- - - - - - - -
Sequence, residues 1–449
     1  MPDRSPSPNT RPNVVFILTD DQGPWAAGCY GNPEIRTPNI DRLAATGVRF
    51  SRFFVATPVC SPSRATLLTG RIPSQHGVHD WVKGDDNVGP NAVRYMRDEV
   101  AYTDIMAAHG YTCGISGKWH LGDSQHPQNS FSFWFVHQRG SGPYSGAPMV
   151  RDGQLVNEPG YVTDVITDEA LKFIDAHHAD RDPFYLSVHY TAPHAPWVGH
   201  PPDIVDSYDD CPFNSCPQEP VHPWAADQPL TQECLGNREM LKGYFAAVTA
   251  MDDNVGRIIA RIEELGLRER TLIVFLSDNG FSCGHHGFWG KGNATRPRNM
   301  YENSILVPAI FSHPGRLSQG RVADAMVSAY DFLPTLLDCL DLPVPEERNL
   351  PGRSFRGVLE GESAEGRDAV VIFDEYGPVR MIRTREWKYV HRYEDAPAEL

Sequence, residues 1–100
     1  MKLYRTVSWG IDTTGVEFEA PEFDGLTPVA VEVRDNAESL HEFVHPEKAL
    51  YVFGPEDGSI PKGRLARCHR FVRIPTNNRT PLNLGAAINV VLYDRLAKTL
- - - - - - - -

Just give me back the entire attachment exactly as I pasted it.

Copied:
Sequence, residues 1–449
     1  MPDRSPSPNT RPNVVFILTD DQGPWAAGCY GNPEIRTPNI DRLAATGVRF
    51  SRFFVATPVC SPSRATLLTG RIPSQHGVHD WVKGDDNVGP NAVRYMRDEV
   101  AYTDIMAAHG YTCGISGKWH LGDSQHPQNS FSFWFVHQRG SGPYSGAPMV
   151  RDGQLVNEPG YVTDVITDEA LKFIDAHHAD RDPFYLSVHY TAPHAPWVGH
   201  PPDIVDSYDD CPFNSCPQEP VHPWAADQPL TQECLGNREM LKGYFAAVTA
   251  MDDNVGRIIA RIEELGLRER TLIVFLSDNG FSCGHHGFWG KGNATRPRNM
   301  YENSILVPAI FSHPGRLSQG RVADAMVSAY DFLPTLLDCL DLPVPEERNL
   351  PGRSFRGVLE GESAEGRDAV VIFDEYGPVR MIRTREWKYV HRYEDAPAEL

Sequence, residues 1–100
     1  MKLYRTVSWG IDTTGVEFEA PEFDGLTPVA VEVRDNAESL HEFVHPEKAL
    51  YVFGPEDGSI PKGRLARCHR FVRIPTNNRT PLNLGAAINV VLYDRLAKTL